What should this committee do? At least, be very careful with your answers. Consider what would happen if your answers were taken as the complete and only truth. For example, what does Klein mean by "outputs"? He means what he can measure for accountability purposes. His dependent measure. This isn't name that tune; this is name that test. Pick your poison. Under NCLB, Reading and math teachers already have theirs, the standardized assessments the state gives. He is asking for yours. But be careful because he will use it. Once he has his output measure, he can run a statistic comparing teachers who participate in one kind of professional development or not. If the program doesn't show a statistical difference on the output between the two groups, he can cut funding for that. That may sound reasonable to someone concerned about cutting costs and doing what works, but if you did not define the output carefully, you might eliminate something that has important consequences just not as measured by your variable.

What if you said the primary output is "An understanding of basic music theory, the varieties and styles of music, and music's role in culture." It would be easy to build a multiple-choice test for that. The next thing you know, you would need to spend 30 days of class time prepping for a multiple-choice test instead of playing music. And, of course, your salary would eventually be based on the test results. If you do not believe this, go ask the reading teacher down the hall. And that professional development course you took that was so inspiring, the course that provided you will 10 helpful suggestions for beginning players or taught you how to introduce third-world rhythms? If that did not boost your students' test scores on Klein's output, the measure you suggested, forget it. No funding. These are tough economic times. If it doesn’t “work,” we can’t afford it.

When Klein asks what school-level variables are prerequisites, you may want to be careful. A vague answer like "Supportive principal" will leave you exposed. Why not the following, as a starter:

At least 2,000 square foot of dedicated space for music at every school
Collection of 12 or more instruments for student use, rent free, for unusual or expensive instruments like French Horn and Kettle Drum.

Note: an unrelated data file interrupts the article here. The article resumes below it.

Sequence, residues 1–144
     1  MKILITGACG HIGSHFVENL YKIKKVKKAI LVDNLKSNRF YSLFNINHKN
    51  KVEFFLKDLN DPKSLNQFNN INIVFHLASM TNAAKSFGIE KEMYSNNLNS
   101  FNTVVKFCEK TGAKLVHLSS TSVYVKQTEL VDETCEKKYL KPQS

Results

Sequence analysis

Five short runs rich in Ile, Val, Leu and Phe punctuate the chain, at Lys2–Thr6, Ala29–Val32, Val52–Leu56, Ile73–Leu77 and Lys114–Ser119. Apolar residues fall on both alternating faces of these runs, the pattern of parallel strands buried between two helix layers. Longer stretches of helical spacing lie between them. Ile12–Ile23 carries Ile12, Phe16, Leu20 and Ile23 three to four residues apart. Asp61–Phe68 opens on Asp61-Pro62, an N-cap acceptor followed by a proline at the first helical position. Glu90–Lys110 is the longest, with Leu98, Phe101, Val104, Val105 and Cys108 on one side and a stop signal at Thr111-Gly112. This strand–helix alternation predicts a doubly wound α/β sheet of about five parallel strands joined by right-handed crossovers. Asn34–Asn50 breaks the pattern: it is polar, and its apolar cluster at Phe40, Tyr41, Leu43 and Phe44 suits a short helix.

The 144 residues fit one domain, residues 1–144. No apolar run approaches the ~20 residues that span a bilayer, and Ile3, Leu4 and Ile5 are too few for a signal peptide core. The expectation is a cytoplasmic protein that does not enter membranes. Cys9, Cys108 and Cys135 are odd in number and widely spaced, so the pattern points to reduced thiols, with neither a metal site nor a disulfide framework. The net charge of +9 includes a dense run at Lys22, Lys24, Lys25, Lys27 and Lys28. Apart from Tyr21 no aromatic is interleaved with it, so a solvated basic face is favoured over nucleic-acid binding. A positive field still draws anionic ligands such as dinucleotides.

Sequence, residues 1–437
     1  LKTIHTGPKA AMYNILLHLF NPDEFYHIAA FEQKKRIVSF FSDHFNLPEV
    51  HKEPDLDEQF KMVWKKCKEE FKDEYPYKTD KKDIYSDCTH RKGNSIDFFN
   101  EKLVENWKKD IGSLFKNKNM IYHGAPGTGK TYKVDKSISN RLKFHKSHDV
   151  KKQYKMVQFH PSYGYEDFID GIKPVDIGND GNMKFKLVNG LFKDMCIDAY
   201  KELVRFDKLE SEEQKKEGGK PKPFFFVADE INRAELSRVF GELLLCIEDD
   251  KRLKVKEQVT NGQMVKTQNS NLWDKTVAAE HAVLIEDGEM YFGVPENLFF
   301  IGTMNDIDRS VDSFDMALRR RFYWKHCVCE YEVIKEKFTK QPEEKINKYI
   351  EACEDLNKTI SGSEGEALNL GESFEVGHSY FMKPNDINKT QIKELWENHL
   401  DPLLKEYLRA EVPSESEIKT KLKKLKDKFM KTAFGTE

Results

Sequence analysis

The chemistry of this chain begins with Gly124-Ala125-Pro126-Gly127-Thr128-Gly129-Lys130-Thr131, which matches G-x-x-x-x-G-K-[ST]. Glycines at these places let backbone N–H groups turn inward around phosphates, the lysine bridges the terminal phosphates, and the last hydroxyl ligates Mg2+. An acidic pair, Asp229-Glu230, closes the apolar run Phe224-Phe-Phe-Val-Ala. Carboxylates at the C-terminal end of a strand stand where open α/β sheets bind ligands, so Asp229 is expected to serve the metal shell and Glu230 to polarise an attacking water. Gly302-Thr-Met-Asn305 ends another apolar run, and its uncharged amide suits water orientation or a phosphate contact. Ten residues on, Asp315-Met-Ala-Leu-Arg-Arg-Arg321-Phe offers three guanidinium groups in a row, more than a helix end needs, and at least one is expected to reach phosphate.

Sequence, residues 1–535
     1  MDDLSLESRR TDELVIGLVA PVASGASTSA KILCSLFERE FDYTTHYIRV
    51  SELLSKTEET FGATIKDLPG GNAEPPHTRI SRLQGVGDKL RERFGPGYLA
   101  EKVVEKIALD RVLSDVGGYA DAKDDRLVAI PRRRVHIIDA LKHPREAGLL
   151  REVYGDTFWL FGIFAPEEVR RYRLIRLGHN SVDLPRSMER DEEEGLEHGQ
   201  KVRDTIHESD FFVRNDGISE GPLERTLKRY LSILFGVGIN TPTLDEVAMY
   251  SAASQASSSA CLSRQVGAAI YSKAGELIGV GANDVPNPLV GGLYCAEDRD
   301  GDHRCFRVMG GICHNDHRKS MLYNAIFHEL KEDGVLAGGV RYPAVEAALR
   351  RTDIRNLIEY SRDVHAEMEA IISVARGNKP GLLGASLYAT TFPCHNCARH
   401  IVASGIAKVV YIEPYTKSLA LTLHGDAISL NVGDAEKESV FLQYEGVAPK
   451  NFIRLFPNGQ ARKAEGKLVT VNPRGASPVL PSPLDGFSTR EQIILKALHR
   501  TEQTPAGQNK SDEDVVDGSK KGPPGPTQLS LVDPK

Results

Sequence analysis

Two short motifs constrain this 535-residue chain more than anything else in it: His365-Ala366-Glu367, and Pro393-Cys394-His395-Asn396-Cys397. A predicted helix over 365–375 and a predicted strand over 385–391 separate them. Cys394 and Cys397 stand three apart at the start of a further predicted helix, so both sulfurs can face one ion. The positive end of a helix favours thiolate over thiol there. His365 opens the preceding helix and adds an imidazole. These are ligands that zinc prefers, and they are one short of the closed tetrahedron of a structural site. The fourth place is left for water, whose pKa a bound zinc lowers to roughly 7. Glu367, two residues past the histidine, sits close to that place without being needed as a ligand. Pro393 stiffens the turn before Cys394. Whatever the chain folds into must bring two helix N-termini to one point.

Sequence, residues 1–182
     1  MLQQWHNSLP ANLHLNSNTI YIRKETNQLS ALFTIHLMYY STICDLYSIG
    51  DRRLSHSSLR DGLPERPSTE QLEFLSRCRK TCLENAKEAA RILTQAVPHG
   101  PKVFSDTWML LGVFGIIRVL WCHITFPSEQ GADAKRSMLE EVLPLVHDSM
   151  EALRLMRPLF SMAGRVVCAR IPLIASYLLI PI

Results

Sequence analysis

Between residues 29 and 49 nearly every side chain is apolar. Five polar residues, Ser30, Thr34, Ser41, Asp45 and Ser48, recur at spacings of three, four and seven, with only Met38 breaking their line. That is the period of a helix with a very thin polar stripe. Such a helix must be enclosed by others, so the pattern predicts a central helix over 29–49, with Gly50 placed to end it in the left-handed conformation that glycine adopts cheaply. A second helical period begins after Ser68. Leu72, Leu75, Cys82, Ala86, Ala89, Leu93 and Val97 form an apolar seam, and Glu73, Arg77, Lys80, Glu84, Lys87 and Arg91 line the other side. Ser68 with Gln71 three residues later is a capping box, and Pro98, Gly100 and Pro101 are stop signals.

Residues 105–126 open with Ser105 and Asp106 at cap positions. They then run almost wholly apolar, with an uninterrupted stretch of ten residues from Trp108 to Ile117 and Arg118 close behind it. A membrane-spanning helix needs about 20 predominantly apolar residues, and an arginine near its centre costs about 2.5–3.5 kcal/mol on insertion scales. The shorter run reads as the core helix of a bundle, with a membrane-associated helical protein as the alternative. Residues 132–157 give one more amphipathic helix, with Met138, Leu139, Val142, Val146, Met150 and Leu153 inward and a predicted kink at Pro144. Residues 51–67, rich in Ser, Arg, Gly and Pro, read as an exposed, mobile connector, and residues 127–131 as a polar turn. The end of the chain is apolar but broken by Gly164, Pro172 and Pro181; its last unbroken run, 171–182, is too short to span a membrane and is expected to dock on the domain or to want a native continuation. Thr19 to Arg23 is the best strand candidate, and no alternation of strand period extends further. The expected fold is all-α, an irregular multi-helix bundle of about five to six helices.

Regularly scheduled music below grade 6, at least one hour per day per week taught by a certified music teacher
Assignment of at least one full-time music educator for each school
Others?

If he is going to ask what it really takes, why not tell him what it really takes? And if his final report, which he will claim was developed with you, his arts committee, does not include all of your answers, you can write the NY Sun and ask why.

After 7 years of NCLB, many people are finally speaking out about the shortcomings of this system. People in the media, especially on blogs, are no longer willing to allow politicians who pride themselves as reformers to brag about the great success of their work when the data don't reflect that. The same people who pushed accountability are now learning the meaning of the old adage, "Live by the sword, die by the sword."

Please don't let bureaucrats like Klein do to music education what they have done to reading and math. If you are a music educator, please make every teacher you know aware of what is underway. Klein deserves credit for asking music educators how he should judge you. He wants your opinion. Now is the time to let him have it.

I think you best statement was that NCLB was "no worse than the decision-making that lead to the war in Iraq."

But reading your awesome post is like listening to great music, every time you see something new.

I wonder if you are not a little short-sighted though. Without metrics, how can you prove that your musical instruction produces more value added than watching a sunset?

On second reading, that was your point. Never mind.

Danger Will Robinson's symphony was all Allegro and very, very good indeed. (It did not sound, thankfully like Beethoven's Fifth but more like Eighth...) My question is for supporters of "Core Knowledge" - how about not lining up behind "Core Knowledge NAEP Testing?" i.e why it does not follow logically?